Feeding

Omnivorous, feeding on insect larvae, molluscs, annelid worms and algae.

Biology

Oviparous pelagic spawners. Silver Perch move upstream to spawn and breeding is initiated by a combination of rising water temperatures and water levels.

Silver Perch are a slow-growing and long-lived species, and may live to more than 17 years of age. An individual recorded from the Cataract Dam, ACT, was 27 years old.

Fisheries

This popular angling and food fish is also used for aquaculture in farm dams. Renowned by anglers as a fast and strong fighting fish.

Historically, Silver Perch formed a significant part of the inland commercial fishery of NSW, and were regularly taken by anglers throughout the State.

Conservation

  • EPBC Act 1999 : Not listed
  • IUCN Red List : Vulnerable
  • ACT Nature Conservation Act 1980 : Endangered
  • NSW Fisheries Management Act 1994 : Vulnerable
  • Victorian Flora and Fauna Guarantee Act 1988 : Threatened
  • Populations of Silver Perch in the wild have declined in distribution and number. The species is listed as th

    Populations in the wild are thought to have declined due barriers to migration, egg mortality and spawning failures from lack and water movement and cold waer releases from dams, competition from introduced species such as Redfin and Gambusia, and disease carried by Redfin.

    Similar Species

    Distinguishable from all other members of the family in having depressible but unflattened teeth, 20-25 predorsal scales to the occiput, maximum body width 1.9-2.1 in body depth, 76-79 scales counted in a series above lateral line  and 71-77 below.

    Species Citation

    Acerina (Cernua) bidyana Mitchell 1838, Three Expeditions Into the interior of Eastern Australia, with descriptions of recently explored regions of Australia Felix and the present colony of New South Wales., 1: 95. Type locality: River between Gwydir and McIntyre Rivers, NSW.

    Author

    Dianne J. Bray & Vanessa J. Thompson

    Silver Perch, Bidyanus bidyanus (Mitchell 1838)

    References


    ACT Government, 2003. Silver Perch (Bidyanus bidyanus)—an endangered species. Action Plan No. 26. Environment ACT, Canberra. Online

    Allen, G.R. 1989. Freshwater Fishes of Australia. Neptune, New Jersey : T.F.H. Publications 240 pp., 63 pls

    Allen, G.R., Midgley, S.H. & Allen, M. 2002. Field Guide to the Freshwater Fishes of Australia. Perth : Western Australian Museum 394 pp.

    Allan, G. & Rowland, S.J. 1992. Development of an experimental diet for silver perch (Bidyanus bidyanus). Austasia Aquaculture 6(3): 39-40.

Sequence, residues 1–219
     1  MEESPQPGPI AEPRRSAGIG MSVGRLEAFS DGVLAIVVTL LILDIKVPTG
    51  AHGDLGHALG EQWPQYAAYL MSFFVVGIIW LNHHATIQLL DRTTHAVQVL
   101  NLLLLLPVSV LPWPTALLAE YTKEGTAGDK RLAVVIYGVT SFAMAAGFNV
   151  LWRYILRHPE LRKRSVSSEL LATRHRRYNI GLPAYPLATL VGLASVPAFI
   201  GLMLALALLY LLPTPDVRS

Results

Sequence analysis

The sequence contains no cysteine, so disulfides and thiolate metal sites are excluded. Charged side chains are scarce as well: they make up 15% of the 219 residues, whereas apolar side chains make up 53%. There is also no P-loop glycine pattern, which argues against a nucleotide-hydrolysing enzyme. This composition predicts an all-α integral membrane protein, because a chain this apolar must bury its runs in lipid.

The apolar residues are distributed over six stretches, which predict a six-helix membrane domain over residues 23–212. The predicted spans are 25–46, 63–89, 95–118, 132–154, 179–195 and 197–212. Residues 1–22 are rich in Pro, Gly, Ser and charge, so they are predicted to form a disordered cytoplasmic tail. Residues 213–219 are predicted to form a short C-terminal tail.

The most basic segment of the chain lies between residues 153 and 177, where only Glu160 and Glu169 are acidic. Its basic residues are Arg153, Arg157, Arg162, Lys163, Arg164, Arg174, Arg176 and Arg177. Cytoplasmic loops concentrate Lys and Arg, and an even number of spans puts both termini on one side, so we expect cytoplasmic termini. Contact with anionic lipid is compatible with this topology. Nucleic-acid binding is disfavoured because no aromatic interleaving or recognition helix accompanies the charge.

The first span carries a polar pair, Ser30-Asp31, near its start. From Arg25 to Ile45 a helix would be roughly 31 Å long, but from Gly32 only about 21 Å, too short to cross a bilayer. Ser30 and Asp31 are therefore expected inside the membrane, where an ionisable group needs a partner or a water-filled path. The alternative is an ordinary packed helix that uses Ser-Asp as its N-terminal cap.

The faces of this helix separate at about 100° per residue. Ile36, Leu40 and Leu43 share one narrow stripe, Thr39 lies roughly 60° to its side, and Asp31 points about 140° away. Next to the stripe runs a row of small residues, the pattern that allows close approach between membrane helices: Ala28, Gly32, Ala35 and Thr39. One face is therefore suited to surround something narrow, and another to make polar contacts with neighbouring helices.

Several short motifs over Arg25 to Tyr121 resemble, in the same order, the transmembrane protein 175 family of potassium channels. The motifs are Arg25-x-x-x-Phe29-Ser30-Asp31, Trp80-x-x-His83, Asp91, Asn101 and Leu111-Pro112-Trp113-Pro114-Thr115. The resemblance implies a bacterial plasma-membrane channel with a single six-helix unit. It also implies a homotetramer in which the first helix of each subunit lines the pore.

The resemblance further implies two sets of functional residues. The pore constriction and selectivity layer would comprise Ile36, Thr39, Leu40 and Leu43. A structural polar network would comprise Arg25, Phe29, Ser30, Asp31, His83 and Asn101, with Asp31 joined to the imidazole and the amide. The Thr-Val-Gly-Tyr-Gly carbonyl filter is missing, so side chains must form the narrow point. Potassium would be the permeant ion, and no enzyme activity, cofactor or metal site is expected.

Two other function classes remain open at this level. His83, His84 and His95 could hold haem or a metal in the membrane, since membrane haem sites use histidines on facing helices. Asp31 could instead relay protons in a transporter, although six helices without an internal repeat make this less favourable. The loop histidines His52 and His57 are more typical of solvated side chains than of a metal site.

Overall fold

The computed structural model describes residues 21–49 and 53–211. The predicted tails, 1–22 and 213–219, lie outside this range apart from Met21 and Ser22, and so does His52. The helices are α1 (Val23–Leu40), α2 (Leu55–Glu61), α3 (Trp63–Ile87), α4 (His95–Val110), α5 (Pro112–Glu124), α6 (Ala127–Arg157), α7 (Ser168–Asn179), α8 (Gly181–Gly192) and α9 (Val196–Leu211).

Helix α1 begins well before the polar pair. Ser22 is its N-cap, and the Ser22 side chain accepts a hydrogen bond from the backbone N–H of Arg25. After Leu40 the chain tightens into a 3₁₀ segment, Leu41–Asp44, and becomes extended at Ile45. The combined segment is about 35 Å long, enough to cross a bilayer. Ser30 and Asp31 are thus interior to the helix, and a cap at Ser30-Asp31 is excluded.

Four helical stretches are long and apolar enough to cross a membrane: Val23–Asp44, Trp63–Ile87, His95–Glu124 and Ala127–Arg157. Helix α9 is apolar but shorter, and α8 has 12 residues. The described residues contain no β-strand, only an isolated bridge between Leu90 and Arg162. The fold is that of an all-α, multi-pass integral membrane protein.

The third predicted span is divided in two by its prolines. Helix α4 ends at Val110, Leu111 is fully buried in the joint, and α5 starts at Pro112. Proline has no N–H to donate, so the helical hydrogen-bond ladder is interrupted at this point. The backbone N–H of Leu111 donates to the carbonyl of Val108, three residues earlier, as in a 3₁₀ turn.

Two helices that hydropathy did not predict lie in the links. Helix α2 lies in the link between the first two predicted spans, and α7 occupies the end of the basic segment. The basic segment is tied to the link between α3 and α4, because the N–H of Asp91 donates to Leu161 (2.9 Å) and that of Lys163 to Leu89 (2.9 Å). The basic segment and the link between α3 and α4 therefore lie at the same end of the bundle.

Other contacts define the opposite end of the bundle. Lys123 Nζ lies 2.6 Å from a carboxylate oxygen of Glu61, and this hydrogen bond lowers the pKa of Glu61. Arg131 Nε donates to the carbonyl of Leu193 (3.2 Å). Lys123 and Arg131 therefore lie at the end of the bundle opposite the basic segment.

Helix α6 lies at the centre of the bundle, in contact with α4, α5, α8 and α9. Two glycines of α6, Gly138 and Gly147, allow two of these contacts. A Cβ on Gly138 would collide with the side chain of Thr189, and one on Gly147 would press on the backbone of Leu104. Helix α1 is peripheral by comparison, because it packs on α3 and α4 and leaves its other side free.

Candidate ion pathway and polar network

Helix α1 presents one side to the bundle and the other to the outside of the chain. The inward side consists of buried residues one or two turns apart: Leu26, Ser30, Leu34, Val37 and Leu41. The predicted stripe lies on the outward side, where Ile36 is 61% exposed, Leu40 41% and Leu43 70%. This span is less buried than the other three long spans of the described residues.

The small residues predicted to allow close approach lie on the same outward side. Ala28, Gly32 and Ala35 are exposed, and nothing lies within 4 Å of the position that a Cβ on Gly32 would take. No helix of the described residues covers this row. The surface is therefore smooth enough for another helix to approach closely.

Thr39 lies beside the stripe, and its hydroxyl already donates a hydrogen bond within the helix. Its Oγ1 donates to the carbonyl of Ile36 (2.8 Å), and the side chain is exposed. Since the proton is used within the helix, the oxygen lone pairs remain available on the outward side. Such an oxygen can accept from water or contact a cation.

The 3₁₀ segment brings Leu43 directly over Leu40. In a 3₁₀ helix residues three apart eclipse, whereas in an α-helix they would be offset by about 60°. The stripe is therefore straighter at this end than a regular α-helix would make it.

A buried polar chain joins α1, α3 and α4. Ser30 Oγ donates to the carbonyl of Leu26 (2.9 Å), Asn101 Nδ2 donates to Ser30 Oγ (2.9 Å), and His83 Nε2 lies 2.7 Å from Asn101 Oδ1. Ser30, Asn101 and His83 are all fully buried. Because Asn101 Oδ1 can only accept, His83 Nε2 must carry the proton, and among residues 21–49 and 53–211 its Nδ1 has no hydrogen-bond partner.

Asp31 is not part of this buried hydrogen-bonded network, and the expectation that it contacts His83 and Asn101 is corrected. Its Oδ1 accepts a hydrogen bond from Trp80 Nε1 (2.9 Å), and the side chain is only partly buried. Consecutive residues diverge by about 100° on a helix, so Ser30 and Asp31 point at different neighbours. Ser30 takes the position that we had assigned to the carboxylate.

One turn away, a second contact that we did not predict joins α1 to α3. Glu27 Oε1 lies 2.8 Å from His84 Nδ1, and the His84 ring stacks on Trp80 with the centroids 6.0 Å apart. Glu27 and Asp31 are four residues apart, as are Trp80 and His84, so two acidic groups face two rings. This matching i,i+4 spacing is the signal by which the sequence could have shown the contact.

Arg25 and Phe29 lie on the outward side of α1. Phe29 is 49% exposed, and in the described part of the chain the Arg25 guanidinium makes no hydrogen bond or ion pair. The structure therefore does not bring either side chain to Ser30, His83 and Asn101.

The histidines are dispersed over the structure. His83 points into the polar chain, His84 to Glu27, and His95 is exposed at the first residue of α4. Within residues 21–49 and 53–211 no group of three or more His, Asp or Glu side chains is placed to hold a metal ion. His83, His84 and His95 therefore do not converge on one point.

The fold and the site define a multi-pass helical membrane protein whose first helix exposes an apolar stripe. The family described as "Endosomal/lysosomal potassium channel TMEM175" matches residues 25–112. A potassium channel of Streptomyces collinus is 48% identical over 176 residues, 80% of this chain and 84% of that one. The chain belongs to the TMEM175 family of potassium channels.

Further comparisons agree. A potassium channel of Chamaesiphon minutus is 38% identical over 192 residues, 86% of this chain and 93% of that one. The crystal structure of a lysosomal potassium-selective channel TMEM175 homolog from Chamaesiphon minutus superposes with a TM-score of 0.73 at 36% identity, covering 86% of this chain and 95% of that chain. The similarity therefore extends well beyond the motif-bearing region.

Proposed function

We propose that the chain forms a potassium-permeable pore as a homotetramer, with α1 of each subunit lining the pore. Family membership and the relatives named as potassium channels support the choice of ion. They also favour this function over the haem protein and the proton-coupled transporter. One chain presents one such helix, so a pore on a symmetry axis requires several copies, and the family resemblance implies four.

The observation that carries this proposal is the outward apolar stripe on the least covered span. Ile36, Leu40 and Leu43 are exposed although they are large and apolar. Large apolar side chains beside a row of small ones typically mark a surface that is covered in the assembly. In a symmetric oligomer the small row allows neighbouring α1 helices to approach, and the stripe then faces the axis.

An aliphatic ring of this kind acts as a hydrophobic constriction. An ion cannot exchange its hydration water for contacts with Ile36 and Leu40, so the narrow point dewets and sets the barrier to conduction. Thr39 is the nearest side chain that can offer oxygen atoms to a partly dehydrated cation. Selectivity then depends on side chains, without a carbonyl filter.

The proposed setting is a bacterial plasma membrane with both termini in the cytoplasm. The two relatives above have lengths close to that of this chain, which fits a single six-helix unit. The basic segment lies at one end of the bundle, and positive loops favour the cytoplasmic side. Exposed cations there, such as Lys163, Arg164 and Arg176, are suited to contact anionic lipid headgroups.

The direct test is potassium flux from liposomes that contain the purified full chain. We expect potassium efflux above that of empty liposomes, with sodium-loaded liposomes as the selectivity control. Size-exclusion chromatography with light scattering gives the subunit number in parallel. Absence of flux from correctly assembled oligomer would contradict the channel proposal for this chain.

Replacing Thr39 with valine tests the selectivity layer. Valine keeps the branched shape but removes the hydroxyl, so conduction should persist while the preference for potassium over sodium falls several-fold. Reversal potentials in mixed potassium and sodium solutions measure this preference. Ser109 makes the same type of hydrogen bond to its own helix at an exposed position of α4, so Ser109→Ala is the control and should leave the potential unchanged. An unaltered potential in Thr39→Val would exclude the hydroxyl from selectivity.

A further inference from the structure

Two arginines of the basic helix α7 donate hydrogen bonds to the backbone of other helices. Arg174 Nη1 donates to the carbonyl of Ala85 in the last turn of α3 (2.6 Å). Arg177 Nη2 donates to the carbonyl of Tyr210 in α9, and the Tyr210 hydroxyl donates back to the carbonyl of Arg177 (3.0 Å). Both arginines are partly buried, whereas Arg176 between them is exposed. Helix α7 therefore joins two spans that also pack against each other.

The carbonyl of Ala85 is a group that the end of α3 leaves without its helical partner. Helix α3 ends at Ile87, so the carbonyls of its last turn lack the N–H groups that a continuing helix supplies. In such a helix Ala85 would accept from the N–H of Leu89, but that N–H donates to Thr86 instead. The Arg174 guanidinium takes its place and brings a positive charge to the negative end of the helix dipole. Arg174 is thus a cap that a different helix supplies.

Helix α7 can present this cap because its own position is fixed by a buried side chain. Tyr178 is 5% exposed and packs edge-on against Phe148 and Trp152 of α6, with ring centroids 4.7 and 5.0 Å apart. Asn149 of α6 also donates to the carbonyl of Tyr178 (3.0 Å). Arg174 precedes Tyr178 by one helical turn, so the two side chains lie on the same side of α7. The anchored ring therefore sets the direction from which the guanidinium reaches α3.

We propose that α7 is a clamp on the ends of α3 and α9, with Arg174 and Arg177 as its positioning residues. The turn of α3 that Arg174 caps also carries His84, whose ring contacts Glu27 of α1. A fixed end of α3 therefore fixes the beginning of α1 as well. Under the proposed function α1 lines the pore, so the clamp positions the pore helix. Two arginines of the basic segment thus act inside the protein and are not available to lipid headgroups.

Barlow, C.C., McLoughlin, R. & Bock, K. 1987. Complementary feeding habits of golden perch Macquaria ambigua (Richardson) (Percichthyidae) and silver perch Bidyanus bidyanus (Mitchell)(Teraponidae) in farm dams. Proceedings of the Linnaean Society of New South Wales 109: 143-152.

    Burchmore, J.J. & Battaglene, S. 1990. Introduced fishes in Lake Burrinjuck, New South Wales, Australia (p. 114) In: Pollard D. (ed.) Introduced and translocated fishes and their ecological effects. Australian Society for Fish Biology Workshop.Bureau of Rural Resources Proceedings No. 8, Australian Government Publishing Service, Canberra.

    Cadwallader, P.L. 1978. Some causes of the decline in range and abundance of native fish in the Murray-Darling River system. Proceedings of the Royal Society of  Victoria 90: 211-224.

    Cadwallader, P.L., Backhouse, G.N., Beumer, J.P. & Jackson, P.D. 1984. The conservation status of native freshwater fish of Victoria. Victorian Naturalist 101(3): 112-114.

    Cadwallader, P.L. & Backhouse, G.N. 1983. A Guide to the Freshwater Fish of Victoria. Melbourne : F.D. Atkinson Government Printer 249 pp. figs (as Therapon bidyana)

    Clunie, P. & Koehn, J. 2001. Silver Perch: A Recovery Plan. Final Report for Natural Resource Management Strategy Project R7002 to the Murray Darling Basin Commission.

    Clunie, P. & Koehn, J. 2001. Silver perch: a resource document. Final Report for Natural Resource Management Strategy Project R7002 to the Murrray Darling Basin Commission, 172 pp.

    Davis, A.M., Pusey, B.J., Thorburn, D.C., Dowe, J.L., Morgan, D.L. & Burrows, D. 2010. Riparian contributions to the diet of terapontid grunters in wet-dry tropical rivers. Journal of Fish Biology 76: 862–879.

    Davis, A.M., Pearson, R.G., Pusey, B.J., Perna, C., Morgan, D.L. & Burrows, D. (2011). Trophic ecology of northern Australia’s terapontids: ontogenetic dietary shifts and feeding classification. Journal of Fish Biology 78: 265–286.